In the name of the Father, and of the Son, and of the Holy Spirit!
Dear brothers and sisters, today the Holy Church offers us for reading and reflection an extract from the Gospel of Luke about the tribute to Caesar.
The Pharisees, having conferred, sent evil people to our Lord Jesus Christ, as the apostle and evangelist Luke writes, to catch Him in a word and lay hands on Him.
And they say to him: Teacher! we know that You are speaking and teaching truthfully and do not look at your face, but you teach the truth of the way of God; is it permissible for us to give tribute to Caesar, or not? (LX 20: 21-22).
The wisdom of this question was that if Christ answered that he should be given to Caesar, then the Pharisees and legalists would anger the people around Christ and spread the message in Judea that Jesus is the accomplice of the Roman occupiers, and not the Messiah and, therefore, does not bring any liberation to Israel. And if Christ answered that it is not necessary to give a tribute, but only follow the Jewish laws given by Moses, then the Pharisees would take him to the court first to Herod, and then to the Roman procurator, accusing Christ of being in a state a revolt against the Roman authorities and calls on the people not to pay taxes.
In the Palestinian state of the time, there were two types of coins: the everyday that the Jews used for trade relations, and the coin used to pay taxes to the temple. Why is that? On everyday coins it was written that the emperors are gods, and in fact in itself such a coin was already an idol for the Jews. This coinage was not allowed to enter the Temple, and it is obvious that the elite of the Jewish people had very clearly informed the Roman authorities that if they were not allowed to mint their coins for temple needs, then the Jewish people would rebel.
Therefore, sacred sikli or shekels were minted, as they are called in modern times. And in the courtyard of the Temple there were always money changers who converted impure, secular money into religiously pure for temple use.
But he, perceiving their craftiness, said to them, "Why are you tempting Me?" Show me the denarius: whose image and inscription is on it? He said to them: therefore, give to Caesar the things that are Caesar's, and God's things to God. (LX 20: 23-25).
Christ asks the Jews to show what kind of money the tax is paid. To pay taxes, of course, a common Roman denarius with the image of the emperor was used, because everything in general gold reserves, and, consequently, all the Roman coins in general were considered the property of the emperor. So why not give the emperor what belongs to him?
The point is that Christ held a coin in his hands, on which it was written: Tiberius Caesar Divi Augusti Filius Augustus Pontifex Maximus. Translated into Russian from Latin, it sounds like this: "Tiberius Caesar, the son of the divine Augustus, Augustus, the supreme pontiff."
Dinar of the Emperor Tiberius
That is, in fact, the True Son of God, the Pharisees gave a coin on which was the inscription that the son of God is the emperor Tiberius. And if Christ only limited himself to an answer that he should give what he owns to the emperor, it would not have de-sacred the emperor in the consciousness of a true Roman and would have given, perhaps, an occasion for new sly questions from the Jews. But the Lord answers exhaustively: give Caesar's things to Caesar, and God's God.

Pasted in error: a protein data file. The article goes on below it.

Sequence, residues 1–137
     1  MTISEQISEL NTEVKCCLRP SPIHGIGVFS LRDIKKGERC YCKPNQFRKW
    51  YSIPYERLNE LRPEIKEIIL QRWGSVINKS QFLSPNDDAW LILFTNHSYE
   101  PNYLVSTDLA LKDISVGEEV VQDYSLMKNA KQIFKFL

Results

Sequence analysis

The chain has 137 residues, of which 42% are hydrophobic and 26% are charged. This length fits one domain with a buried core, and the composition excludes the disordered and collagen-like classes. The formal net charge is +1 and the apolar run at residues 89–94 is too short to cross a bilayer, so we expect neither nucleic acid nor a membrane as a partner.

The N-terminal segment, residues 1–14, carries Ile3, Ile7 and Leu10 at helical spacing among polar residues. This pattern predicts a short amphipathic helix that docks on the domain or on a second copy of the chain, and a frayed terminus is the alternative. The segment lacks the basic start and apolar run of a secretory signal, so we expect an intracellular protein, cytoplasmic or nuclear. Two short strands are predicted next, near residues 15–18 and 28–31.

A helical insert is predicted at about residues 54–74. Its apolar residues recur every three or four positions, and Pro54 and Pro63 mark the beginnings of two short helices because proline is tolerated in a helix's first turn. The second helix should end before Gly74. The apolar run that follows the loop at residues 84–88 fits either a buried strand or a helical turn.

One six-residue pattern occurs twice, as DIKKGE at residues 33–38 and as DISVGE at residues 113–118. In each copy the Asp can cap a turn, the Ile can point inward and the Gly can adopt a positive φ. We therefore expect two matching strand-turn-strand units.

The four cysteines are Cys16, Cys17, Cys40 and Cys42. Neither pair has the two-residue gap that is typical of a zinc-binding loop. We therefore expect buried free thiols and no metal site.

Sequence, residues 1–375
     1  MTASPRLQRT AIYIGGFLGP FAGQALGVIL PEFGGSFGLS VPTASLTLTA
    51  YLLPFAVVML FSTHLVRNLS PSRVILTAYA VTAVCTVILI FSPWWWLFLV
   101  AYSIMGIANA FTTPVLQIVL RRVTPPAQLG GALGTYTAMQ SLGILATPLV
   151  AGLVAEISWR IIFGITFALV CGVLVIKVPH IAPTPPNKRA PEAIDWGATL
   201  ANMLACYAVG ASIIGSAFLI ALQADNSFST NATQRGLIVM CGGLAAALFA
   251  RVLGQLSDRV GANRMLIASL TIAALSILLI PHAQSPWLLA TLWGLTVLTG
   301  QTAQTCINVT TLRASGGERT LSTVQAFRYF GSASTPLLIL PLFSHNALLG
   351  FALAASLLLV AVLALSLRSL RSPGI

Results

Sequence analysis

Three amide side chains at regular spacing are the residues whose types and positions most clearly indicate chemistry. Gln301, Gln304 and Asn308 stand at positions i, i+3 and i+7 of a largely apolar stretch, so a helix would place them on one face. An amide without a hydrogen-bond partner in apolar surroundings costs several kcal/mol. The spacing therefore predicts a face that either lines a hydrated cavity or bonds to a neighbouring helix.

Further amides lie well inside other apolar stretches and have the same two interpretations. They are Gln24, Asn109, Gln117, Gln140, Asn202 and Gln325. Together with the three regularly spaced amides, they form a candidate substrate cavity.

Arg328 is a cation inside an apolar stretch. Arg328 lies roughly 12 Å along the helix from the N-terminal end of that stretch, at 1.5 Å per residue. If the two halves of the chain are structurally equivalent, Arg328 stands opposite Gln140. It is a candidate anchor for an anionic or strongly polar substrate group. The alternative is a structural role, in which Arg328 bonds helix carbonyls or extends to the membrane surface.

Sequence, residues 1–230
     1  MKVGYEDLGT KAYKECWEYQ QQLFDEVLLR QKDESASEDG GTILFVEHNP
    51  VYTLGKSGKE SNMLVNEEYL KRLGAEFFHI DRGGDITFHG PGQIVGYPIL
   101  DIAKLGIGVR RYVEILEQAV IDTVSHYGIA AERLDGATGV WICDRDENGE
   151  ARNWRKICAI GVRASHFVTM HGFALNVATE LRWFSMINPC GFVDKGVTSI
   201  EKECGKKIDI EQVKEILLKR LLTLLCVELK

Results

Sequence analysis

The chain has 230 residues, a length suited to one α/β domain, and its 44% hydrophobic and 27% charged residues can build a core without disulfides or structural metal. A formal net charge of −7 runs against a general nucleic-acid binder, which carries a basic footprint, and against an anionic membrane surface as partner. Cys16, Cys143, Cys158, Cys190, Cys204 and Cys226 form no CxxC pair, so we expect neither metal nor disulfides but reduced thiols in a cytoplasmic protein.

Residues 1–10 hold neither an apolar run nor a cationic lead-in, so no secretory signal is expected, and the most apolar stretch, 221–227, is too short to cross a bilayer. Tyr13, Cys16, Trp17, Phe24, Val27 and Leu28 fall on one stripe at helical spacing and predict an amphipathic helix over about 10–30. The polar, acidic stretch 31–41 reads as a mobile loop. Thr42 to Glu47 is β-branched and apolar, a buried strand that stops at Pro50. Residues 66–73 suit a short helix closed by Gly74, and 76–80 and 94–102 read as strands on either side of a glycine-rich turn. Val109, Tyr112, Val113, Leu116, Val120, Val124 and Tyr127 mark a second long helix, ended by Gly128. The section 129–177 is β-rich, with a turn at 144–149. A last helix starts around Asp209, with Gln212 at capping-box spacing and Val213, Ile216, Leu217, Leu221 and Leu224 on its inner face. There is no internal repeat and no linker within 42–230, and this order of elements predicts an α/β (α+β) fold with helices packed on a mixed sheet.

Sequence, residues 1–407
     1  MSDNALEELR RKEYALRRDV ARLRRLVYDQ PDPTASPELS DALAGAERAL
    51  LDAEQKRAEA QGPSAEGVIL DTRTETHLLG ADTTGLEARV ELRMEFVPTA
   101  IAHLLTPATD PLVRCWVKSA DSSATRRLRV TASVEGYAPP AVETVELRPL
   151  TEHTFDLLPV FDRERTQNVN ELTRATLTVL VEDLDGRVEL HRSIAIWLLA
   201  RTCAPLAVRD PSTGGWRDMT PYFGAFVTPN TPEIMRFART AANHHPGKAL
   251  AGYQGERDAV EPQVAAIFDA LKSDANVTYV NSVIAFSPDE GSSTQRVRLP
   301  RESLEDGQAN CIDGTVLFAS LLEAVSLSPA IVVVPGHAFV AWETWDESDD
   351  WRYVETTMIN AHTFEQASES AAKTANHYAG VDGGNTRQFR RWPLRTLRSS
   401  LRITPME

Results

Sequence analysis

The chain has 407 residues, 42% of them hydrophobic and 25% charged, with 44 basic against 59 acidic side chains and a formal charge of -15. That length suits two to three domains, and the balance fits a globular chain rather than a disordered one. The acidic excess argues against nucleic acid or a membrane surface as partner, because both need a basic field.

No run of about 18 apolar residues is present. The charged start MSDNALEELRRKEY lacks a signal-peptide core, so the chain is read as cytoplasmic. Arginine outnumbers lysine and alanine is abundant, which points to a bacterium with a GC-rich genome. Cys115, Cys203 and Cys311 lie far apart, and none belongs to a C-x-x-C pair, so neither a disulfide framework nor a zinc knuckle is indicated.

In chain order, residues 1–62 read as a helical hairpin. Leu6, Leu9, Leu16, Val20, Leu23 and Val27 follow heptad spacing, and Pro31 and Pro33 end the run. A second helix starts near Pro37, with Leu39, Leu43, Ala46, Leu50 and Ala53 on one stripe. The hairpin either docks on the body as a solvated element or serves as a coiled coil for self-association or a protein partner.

Thus, Christ not only wisely answered the question of whether it is worth paying taxes to Caesar, but also showed the Roman consciousness, Who is the True God and where He is to be sought.
What, then, does the Lord teach us in this Gospel passage? In our life, there are often situations where the world requires a Christian "to give Caesar the things that are Caesar's." For example, the same military duty, the same some new passports with the "seal of antichrist", TIN and other vital and so many questions of concern to us, requiring us to effort and any physical and material costs. And often we have a question: why? How does this bring me closer to God? Or "why does the state compel me to accept the seal of antichrist?"
Christ tells us: give Caesar the things that are Caesar's. After all, in fact, the Roman coin had the same "seal of antichrist", an inscription saying that the Son of God is not Christ, but some kind of Tiberius and, probably, pious Jews could have thought that they recognize God of the Roman emperor and thus renounce the True God.
However, Christ draws a clear line: Give God to God, and give everything to the world and do not worry about it, do not litter your thoughts and do not lose your peace of mind.
So let us not torment ourselves, and create ourselves new worldly problems, and increase the already oppressive soul of the vanity of the modern world: just this vanity and fears distract us from Christ, and not new passports, bar codes or TIN. Amen.
List of used literature
1. Hieronymus of Stridon, bl. Interpretation of the Gospel of Luke.
2. John Chrysostom, St. Interpretation of the Gospel of Luke.
3. Lopukhin A.P. Explanatory Bible of the Old and New Testament.
4. Andrei Berdyshev. What does it mean: "Give Caesar to Caesar, and God's God"? // URL: http://www.foru.ru/slovo.43371.1.html (date of treatment: 10.09.2017).
5. Theodore Studit, pr. Exhortative teachings and testament.
6. Theophylact Bulgarian, blj. Interpretation of the Gospel of Luke.